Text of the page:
[process isolation]

process isolation may defeat some client side attacks... are cookies isolated to their tabs? if so, browsing separate domains via tabs may offer some protection from cookie stealing and CSRF.

this is kinda out there, but since processes are isolated, watchdogs on memory and proc usage (mb io?) may be able to identify 0day-ish attacks which are consuming resources...? that's a long shot tho...


incognito mode seems nice on many levels. i've heard jokes about how it's just a pr0n-mode, but there are many times i browse around online where i don't want to allow any web site to write anything to disk (ie: reading headlines on digg). i don't expect anything hostile to happen, but there are attacks (ie: malicious ads/apps via 3rd party content) which could be bumped into. why not use incognito for daily-browsing? might it be a reasonable alternative to running no-script, ad-block, cookie-safe, and flash-block?

i do question whether or not this is read-only, or just a more restricted jail. it seems like temporary file writes will still be required, but i'm not quite sure...

[attack vectors]

so what attacks look possible under this design?

so if users drag pop-ups out, and they get promoted to their own windows, how does that impact sec? does all retained information (cookies, history, etc) propogate to the new process for the pop'd out tab?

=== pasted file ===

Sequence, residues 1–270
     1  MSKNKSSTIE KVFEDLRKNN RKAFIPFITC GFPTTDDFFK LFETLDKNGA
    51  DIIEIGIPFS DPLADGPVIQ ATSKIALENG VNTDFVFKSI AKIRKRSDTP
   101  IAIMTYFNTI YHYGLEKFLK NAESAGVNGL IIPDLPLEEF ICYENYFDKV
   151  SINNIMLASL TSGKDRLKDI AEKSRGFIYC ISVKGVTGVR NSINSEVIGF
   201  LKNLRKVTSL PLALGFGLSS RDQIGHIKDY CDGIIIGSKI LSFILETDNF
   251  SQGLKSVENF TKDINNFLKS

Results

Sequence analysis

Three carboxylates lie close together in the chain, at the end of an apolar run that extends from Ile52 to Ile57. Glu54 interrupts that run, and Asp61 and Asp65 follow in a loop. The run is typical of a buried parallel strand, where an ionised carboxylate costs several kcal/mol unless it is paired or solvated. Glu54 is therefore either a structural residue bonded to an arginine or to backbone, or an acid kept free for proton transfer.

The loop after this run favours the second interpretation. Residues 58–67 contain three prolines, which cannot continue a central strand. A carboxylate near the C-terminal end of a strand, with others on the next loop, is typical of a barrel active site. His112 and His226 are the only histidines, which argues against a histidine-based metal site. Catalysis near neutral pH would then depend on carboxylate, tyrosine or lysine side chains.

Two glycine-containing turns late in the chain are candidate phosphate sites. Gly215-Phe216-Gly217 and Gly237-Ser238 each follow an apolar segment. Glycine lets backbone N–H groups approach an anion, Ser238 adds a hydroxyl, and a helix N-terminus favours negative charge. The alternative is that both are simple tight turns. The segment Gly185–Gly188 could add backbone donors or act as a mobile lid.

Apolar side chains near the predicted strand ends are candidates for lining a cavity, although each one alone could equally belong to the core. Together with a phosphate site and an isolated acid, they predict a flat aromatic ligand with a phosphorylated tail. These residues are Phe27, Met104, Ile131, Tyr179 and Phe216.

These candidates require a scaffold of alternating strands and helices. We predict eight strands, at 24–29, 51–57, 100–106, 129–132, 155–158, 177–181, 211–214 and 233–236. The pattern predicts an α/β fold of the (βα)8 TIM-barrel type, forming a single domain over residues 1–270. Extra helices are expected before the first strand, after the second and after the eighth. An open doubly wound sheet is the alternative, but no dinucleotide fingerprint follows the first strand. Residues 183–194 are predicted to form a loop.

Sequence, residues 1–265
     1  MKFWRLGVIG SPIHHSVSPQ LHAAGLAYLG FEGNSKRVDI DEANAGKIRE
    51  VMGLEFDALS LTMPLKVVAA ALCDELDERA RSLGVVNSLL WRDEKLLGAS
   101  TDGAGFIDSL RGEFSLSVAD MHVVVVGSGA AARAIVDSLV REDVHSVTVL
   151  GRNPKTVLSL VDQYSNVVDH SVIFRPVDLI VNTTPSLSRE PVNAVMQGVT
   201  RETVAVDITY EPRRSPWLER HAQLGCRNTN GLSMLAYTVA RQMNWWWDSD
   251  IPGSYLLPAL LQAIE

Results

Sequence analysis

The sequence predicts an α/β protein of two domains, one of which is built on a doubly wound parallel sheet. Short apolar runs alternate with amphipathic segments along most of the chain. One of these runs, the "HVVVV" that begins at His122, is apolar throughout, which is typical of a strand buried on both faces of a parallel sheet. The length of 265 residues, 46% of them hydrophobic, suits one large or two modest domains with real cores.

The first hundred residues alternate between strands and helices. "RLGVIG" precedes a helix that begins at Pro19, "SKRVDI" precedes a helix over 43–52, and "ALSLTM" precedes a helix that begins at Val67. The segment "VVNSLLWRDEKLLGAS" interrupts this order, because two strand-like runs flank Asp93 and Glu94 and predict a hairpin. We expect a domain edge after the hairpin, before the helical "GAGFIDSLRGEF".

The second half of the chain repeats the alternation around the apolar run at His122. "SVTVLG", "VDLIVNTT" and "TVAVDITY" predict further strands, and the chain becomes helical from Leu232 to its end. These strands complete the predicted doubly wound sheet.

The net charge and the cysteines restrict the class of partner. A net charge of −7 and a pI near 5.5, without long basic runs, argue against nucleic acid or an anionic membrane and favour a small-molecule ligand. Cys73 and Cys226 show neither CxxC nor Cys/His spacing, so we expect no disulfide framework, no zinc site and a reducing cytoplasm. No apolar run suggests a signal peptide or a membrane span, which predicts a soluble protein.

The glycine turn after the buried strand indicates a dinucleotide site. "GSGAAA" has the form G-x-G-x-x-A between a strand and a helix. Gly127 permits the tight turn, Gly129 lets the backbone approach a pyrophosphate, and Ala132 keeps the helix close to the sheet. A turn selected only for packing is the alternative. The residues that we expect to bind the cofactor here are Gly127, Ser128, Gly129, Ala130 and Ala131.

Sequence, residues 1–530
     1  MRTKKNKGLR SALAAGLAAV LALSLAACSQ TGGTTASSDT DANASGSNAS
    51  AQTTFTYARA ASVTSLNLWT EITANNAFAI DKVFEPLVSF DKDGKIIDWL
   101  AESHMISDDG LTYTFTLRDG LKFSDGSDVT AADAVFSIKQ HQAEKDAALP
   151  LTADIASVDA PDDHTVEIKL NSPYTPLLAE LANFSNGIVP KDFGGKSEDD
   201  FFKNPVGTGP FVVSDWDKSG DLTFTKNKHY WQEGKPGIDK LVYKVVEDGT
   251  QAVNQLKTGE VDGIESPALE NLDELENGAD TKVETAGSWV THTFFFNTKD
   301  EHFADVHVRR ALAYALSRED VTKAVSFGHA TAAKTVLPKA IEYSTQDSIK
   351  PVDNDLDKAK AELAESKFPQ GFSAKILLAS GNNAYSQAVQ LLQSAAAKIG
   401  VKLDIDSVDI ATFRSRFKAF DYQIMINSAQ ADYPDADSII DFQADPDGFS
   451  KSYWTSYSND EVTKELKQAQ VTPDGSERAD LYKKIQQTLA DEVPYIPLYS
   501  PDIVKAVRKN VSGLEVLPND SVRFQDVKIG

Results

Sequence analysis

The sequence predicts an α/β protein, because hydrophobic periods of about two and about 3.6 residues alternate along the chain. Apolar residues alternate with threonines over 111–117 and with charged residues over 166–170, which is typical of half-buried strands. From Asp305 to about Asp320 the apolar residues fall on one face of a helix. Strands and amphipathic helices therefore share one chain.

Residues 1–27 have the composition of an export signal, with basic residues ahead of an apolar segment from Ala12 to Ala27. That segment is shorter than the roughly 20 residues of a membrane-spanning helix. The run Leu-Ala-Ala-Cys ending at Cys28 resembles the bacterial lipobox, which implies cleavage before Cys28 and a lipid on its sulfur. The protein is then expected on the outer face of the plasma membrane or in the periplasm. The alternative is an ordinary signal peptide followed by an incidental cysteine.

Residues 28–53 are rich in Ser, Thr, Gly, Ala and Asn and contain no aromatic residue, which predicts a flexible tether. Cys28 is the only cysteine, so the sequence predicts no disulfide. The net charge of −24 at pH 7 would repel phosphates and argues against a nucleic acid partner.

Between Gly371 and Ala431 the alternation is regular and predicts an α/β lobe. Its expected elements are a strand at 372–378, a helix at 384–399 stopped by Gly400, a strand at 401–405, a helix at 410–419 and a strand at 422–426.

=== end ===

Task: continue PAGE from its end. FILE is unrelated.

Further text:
sandboxing seems very very good... lots of badness (malicious jscript stealing creds, keylogging, etc) is mitigated in this model. but can it be attacked? if each process is isolated, can an escalation attack upward against the master chrome process succeed in breaking the security model? that brings the question of how much chrome security depends on the isolation model being maintained (ie: how bad are things if isolation is gone; are we just back to where we were w/ browsers pre-chrome? or is it worse b/c we assumed we'd be isolated and so didn't take other sec steps)

the idea of tracking what a user has actually requested is pretty nifty. reminds me of packet-filters (old browsers) vs stateful firewalls (chrome). the comic here points out that plugins don't conform to this model, so those may be a weak-point. another issue will be whether or not a process can create a false user request. can a malicious pwnt tab process mimic some type of user request, either in the local tab or in another tab process.

sandboxing plugins reduces risk, but they can now attack upward as well? will a flaw in a plug-in feature (ie: quick-time, flash) potentially open the chrome process to attack?

another interesting tidbit in the diagram is that the chrome process links pages to plugins. can this be abused somehow? can plugins associate themselves w/ alternate pages? what makes a process eligible to be linked to a plugin process? etc etc etc...

that's all i've got for now. chrome seems to offer some nifty and refreshing looks at browser design.